DOMINION, Volume 12, Issue 211, 31 May 1919


A RECORD DISEMBARKATION. Though the evening was wet and extremely cold and miserable, several thousand people assembled on the King’s Wharf, and at the entrance to meet the returned men by the transport Pakeha, which drew into the wharf at 4.30 p.m. yesterday. It was good to note that the wretched weather did not in the least affect the warmth of the greeting, which was well up to Wellington’s best standard. After the men had come ashore they had to run the gauntlet of a lane of cheering people outside the main entrance, each motor-car load of “Diggers” being given a rally as they moved city-wards. The disembarkation arrangements, planned and executed by Lieutenant-Colonel McDonald and Captain Prictor, were perfect. The number of troops approximated 1400 (there were 1370 New Zealand troops, with a few other units), a record number for one ship. Yet, with the use of two gangways only, everyone was ashore in 23 minutes—a remarkable achievement in view, too, of the fact that the operation was conducted in the half-light of an intensely cold, damp evening. Looking back on the disembarkation arrangements of a couple of years ago, the performance was a praiseworthy one. Equally expeditious was the work of the staff, who boarded the vessel in the stream at 2.30 p.m., and completed the checking of the ship’s complement, before the vessel was berthed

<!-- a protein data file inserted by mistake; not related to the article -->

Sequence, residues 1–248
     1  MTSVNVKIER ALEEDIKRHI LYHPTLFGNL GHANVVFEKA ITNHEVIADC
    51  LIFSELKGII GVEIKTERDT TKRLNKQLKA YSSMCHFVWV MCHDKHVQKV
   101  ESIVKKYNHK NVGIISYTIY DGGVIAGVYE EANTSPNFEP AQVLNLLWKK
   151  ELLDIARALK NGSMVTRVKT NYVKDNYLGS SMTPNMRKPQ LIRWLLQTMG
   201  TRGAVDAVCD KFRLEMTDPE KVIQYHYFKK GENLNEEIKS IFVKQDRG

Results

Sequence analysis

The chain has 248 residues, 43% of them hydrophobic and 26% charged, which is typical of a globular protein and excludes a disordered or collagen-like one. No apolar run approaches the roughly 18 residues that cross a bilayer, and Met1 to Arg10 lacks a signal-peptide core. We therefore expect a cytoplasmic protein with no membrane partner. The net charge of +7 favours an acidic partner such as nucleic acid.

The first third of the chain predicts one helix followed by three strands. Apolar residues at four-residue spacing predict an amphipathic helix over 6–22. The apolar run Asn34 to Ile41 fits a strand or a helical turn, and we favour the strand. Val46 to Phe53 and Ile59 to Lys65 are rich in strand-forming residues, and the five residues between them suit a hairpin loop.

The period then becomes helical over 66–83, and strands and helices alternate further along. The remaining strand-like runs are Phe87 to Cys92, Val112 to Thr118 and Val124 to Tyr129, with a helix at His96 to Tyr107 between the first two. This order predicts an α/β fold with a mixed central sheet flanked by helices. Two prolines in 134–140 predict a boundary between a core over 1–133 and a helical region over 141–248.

As usual, members of the Wellington Motor Volunteer Corps, under Captain W. Pryor, were present in strong force, and did notably good work in seeing the men to their various destinations (including the conveyance of some 700 men to the railway station).  The Auckland contingent left for the north by a special train, which left at 7.15 p.m., and the Taranaki and Whanganui men also proceeded by the train as far as Palmerston North, and will be sent on to their respective district this morning. The Wairarapa and Hawke’s Bay men will proceed home by this morning’s express. Those for the south went forward by the Maori last evening, and the Pateena, which had been held back for the purpose, conveyed the Nelson and West Coast draft across the Strait last evening.

The Pakeha, which enjoyed a fairly good weather passage across the Pacific, called at Newport News, where she remained coaling for five days. During that time the men went into the big American camp, that stretches away from the port for a considerable-distance. There they were housed in spacious well-built hutments, and everything connected with the camp is said to be far more up-to-date than anything they had experienced on the other side of the Atlantic. The American soldiers, of which there were some thousands, said that the camp could accommodate a million men. Newport News has its naval construction yards, and when the Pakeha was there a battleship was on the stocks which was said to be bigger than anything afloat. Shore leave was freely granted, and many of the men visited Washington, Baltimore, Richmond and Norfolk, The transport was six hours only at Colon (Panama Canal), during which time the residents proffered them all hospitality.

Lieutenant-Colonel G. W. Cockroft, of Wellington, was the officer commanding the troops on the Pakeha.

[Newspaper article, Dominion, 31 May 1919]

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